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Original Articles

Long-Term Combination Therapy Versus Monotherapy With Lithium and Carbamazepine in 46 Bipolar I Patients

Christopher Baethge, MD; Ross J. Baldessarini, MD; Kirsten Mathiske-Schmidt, PhD; John Hennen, MD; Anne Berghöfer, MD; Bruno Müller-Oerlinghausen, MD; Tom Bschor, MD; Mazda Adli, MD; and Michael Bauer, MD, PhD

Published: February 15, 2005

Article Abstract

Background: Despite wide clinical use of mood-stabilizer combinations for long-term treatment of patients with bipolar disorder, research on risks and benefits of this practice is limited. We found 14 small, usually brief, clinical trials of maintenance treatment with lithium plus carbamazepine. These trials suggest added benefit of combination treatment over use of either agent alone but also indicate the need for further studies.

Method: In a post hoc analysis, we reviewed the course of 46 patients with DSM-IV-diagnosed bipolar I disorder identified as not improving during long-term monotherapy in a mood disorders clinic, comparing days per year hospitalized in 3 consecutive time periods: before prophylactic treatment, during monotherapy with lithium (N = 31) or carbamazepine (N = 15), and during their combined use (N = 46). Secondary outcome measures were rates of hospitalization, time to first recurrence of an affective episode, use of adjunctive treatments, and adverse effects. We compared outcomes with nonparametric bivariate methods and tested predictive factors by multiple regression.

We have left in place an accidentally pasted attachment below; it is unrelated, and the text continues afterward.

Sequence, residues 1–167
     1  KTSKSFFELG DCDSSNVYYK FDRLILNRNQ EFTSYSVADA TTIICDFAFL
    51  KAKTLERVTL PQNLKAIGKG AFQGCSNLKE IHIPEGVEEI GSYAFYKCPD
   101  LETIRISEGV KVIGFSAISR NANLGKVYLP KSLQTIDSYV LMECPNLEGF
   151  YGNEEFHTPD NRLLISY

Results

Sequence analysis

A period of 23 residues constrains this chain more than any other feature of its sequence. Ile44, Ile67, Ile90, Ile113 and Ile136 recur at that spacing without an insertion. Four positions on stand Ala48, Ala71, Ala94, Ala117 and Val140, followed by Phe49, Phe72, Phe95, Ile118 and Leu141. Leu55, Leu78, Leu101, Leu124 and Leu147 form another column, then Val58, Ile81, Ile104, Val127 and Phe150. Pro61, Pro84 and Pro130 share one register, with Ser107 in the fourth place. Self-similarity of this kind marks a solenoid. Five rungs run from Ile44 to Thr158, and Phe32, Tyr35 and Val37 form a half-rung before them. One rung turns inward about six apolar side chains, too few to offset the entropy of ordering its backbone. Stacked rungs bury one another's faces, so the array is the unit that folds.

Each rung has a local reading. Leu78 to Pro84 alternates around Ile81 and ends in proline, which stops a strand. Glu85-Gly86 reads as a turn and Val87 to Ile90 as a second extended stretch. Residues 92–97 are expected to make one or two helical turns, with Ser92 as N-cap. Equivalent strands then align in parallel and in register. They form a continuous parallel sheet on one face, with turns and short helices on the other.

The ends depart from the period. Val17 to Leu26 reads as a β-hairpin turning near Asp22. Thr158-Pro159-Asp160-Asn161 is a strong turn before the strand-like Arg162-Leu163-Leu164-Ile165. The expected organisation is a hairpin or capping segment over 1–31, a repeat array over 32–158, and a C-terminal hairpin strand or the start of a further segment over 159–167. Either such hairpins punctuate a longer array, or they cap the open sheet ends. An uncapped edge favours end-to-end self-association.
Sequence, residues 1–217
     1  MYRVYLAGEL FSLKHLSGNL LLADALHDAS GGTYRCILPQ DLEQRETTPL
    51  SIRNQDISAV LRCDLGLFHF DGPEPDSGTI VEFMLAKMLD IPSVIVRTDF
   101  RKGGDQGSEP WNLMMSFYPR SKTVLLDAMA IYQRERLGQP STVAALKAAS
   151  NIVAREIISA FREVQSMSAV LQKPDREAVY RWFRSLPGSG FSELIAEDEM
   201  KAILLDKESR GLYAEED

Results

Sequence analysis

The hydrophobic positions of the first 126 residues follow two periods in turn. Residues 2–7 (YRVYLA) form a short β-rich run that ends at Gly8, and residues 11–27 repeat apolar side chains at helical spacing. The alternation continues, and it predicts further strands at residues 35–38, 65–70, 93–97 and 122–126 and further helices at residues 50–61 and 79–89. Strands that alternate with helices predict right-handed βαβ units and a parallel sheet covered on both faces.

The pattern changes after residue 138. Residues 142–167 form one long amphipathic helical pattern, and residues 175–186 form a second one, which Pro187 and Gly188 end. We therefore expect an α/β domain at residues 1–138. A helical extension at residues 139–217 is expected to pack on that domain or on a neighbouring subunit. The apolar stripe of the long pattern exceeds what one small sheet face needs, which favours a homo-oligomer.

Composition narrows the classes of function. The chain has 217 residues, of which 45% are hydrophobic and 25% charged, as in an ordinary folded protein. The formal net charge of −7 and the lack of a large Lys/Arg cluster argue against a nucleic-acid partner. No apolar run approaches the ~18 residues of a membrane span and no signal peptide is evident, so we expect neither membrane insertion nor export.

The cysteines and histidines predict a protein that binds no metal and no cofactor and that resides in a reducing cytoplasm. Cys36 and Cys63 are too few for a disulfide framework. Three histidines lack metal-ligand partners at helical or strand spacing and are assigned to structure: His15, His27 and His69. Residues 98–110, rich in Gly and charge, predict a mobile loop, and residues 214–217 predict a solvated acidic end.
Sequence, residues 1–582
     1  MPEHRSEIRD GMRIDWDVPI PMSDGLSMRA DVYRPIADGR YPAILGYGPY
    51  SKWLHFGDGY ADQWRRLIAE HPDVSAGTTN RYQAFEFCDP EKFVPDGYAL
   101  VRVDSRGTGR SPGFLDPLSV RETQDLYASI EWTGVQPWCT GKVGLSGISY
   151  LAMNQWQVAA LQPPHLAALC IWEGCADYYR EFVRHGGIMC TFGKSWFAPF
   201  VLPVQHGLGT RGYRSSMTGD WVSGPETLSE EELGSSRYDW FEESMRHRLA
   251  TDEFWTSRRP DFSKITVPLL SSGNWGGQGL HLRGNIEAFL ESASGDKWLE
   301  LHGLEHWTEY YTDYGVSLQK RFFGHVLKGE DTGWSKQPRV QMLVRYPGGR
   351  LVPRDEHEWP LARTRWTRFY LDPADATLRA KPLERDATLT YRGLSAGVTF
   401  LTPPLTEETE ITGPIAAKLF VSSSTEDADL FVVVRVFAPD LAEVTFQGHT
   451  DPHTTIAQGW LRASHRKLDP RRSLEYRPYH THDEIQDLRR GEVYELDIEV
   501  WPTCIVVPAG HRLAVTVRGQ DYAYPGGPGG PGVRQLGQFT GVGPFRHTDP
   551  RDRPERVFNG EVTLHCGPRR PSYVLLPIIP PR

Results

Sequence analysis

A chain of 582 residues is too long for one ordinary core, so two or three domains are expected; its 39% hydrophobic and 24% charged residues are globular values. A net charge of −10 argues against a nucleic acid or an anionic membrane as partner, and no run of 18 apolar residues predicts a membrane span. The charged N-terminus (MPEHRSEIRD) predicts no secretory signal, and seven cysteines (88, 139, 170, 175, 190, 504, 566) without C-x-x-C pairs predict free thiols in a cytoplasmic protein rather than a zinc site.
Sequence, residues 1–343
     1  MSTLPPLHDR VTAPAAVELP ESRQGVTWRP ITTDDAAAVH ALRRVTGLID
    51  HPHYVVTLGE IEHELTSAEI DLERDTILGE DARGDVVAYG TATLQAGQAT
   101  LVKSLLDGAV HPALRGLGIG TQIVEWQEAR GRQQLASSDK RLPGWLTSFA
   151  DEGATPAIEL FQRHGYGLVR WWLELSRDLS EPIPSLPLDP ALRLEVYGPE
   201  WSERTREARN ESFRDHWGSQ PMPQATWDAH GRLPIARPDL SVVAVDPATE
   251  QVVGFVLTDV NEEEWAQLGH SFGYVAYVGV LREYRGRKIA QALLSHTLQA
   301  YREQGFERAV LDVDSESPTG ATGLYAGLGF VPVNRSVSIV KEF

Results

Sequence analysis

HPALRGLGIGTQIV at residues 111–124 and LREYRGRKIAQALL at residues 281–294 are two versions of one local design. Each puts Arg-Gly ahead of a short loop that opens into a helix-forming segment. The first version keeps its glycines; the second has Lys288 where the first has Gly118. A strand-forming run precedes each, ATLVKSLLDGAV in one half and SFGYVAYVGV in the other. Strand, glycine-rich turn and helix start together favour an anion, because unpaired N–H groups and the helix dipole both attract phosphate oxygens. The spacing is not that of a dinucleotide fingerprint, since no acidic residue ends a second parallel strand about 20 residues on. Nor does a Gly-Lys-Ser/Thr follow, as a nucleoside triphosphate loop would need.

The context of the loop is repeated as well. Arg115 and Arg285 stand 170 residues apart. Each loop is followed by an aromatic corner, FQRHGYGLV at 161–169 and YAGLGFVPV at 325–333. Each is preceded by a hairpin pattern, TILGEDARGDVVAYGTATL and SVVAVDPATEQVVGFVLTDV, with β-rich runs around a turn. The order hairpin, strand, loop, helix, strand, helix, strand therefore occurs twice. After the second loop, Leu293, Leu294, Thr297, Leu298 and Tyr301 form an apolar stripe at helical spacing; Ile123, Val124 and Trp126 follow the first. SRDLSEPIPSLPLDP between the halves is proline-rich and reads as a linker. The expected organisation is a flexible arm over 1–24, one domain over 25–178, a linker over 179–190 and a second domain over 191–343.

Results: Subjects showed significant reductions in hospitalized days per year during combination therapy, averaging a decrease of 55.9% (p = .004). Among secondary outcomes, hospitalizations per year fell by 36.1%, and median time to recurrence nearly doubled during combination therapy. Rates of adverse effects increased 2.5-fold, compared with monotherapy, and use of adjunctive psychotropic agents increased by 21.9%.

Conclusion: Combining lithium with carbamazepine yielded substantial benefit but more adverse effects.

Volume: 66

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